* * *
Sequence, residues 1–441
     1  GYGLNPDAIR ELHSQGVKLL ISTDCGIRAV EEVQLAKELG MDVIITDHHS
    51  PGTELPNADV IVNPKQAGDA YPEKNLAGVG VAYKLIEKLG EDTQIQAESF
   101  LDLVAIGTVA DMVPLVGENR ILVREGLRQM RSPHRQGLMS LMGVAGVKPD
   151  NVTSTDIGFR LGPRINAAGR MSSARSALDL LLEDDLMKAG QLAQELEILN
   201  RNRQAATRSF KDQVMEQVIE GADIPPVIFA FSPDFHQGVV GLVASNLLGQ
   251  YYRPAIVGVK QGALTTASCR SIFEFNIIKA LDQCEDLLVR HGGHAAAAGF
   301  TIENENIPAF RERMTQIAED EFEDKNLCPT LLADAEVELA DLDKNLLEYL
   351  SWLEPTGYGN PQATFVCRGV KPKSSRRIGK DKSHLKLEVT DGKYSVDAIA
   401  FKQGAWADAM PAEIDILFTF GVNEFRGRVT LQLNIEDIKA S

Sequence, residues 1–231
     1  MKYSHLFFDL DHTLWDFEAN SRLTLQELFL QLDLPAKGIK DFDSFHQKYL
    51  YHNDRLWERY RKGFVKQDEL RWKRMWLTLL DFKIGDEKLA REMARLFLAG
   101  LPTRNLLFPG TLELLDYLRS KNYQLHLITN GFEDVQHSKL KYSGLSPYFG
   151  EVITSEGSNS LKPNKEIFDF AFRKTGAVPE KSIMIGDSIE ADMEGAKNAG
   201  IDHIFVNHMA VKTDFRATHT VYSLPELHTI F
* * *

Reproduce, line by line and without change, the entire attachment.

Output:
Sequence, residues 1–441
     1  GYGLNPDAIR ELHSQGVKLL ISTDCGIRAV EEVQLAKELG MDVIITDHHS
    51  PGTELPNADV IVNPKQAGDA YPEKNLAGVG VAYKLIEKLG EDTQIQAESF
   101  LDLVAIGTVA DMVPLVGENR ILVREGLRQM RSPHRQGLMS LMGVAGVKPD
   151  NVTSTDIGFR LGPRINAAGR MSSARSALDL LLEDDLMKAG QLAQELEILN
   201  RNRQAATRSF KDQVMEQVIE GADIPPVIFA FSPDFHQGVV GLVASNLLGQ
   251  YYRPAIVGVK QGALTTASCR SIFEFNIIKA LDQCEDLLVR HGGHAAAAGF
   301  TIENENIPAF RERMTQIAED EFEDKNLCPT LLADAEVELA DLDKNLLEYL
   351  SWLEPTGYGN PQATFVCRGV KPKSSRRIGK DKSHLKLEVT DGKYSVDAIA
   401  FKQGAWADAM PAEIDILFTF GVNEFRGRVT LQLNIEDIKA S

Sequence, residues 1–231
     1  MKYSHLFFDL DHTLWDFEAN SRLTLQELFL QLDLPAKGIK DFDSFHQKYL
    51  YHNDRLWERY RKGFVKQDEL RWKRMWLTLL DFKIGDEKLA REMARLFLAG
   101  LPTRNLLFPG TLELLDYLRS KNYQLHLITN GFEDVQHSKL KYSGLSPYFG
   151  EVITSEGSNS LKPNKEIFDF AFRKTGAVPE KSIMIGDSIE ADMEGAKNAG
   201  IDHIFVNHMA VKTDFRATHT VYSLPELHTI F